WHAT IS THE COMMONS?
There are many definitions for the commons. At the International Commons Conference in Berlin, October 2010, Silke Helfrich defined it in this way, “The Commons is building social relationships in such a way that all those things we need to reproduce our livelihood will be shared in a fair way, and managed in a sustainable way.”
Another definition that inspires the work of many and is based on the work of Professor Elinor Ostrom, who won the Nobel Prize for her work, differentiates “public goods” which are administered by governments and “common pool resources” which are resources that are administered by people (commoners) in an open, democratic manner for the benefit of all concerned. Public goods do not belong to the commons, they are a part of the public (governmental) sector, common pool resources are.
Commons Action for the United Nations is focused on the heart of what enlivens the commons. We see three essentials within our definition of the commons:
1. Commons goods or common pool goods,
2. Commoners (those who manage these resources);
3. Commoning—the open, inclusive and democratic manner in which commons resources are managed for the well-being of all concerned.There is no commons without people commoning: commoners engaged in mutually supportive relationships of co-creating and protecting material or intellectual resources essential to their life. In the words of Martin Luther King, we are “caught in an inescapable network of mutuality, tied in a single garment of destiny. Whatever affects one directly affects all indirectly.”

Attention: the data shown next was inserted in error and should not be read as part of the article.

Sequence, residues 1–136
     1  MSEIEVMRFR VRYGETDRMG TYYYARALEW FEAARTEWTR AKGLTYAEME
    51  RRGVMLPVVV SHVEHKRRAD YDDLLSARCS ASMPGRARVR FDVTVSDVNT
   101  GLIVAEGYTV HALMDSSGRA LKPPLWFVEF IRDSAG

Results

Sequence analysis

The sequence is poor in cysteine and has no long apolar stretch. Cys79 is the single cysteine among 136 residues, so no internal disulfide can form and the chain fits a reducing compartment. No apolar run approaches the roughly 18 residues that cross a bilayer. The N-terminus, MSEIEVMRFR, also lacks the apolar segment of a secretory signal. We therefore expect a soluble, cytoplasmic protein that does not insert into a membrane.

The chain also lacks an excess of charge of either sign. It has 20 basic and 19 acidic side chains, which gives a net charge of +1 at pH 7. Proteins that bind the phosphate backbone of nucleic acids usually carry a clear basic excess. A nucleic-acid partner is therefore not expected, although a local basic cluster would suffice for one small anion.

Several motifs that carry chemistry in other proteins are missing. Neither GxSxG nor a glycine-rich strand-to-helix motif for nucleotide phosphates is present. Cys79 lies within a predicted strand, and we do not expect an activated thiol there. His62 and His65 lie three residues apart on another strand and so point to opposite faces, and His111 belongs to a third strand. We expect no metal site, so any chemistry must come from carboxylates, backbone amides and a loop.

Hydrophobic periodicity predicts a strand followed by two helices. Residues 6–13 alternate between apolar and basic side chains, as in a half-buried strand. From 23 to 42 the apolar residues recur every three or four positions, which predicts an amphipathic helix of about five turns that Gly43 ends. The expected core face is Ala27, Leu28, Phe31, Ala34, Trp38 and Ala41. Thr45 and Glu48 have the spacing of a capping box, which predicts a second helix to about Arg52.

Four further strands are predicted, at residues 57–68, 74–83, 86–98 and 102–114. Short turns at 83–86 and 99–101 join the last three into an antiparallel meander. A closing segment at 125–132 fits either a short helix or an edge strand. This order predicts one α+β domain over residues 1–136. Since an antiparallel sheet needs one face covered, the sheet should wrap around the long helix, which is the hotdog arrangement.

The art of commoning, in a broader sense, is one and the same as the art of living and being fully engaged in what life is honoring.
Commoning includes the constellation of practices used by people in the course of managing shared resources and reclaiming the commons. Commoning is a collective endeavor.
Commoning is not a loss of individual autonomy it is an experience of our common bonds and interrelatedness. Individuals uniquely expressing their sense of interconnectedness within the web of life in which we derive and share all that sustains our material existence. Our distinct contribution is inherently apart of the whole. Commoning is an act of individual responsibility and recognition of that shared reality.
Since commons are separate communities that are not automatically in harmony with one another, we focus on those commons that are dedicated to the well-being of all people and nature, since the objectives of such commons are aligned with one another and can therefore form a solid basis both for a global community and a commons-based global economy that works well for all.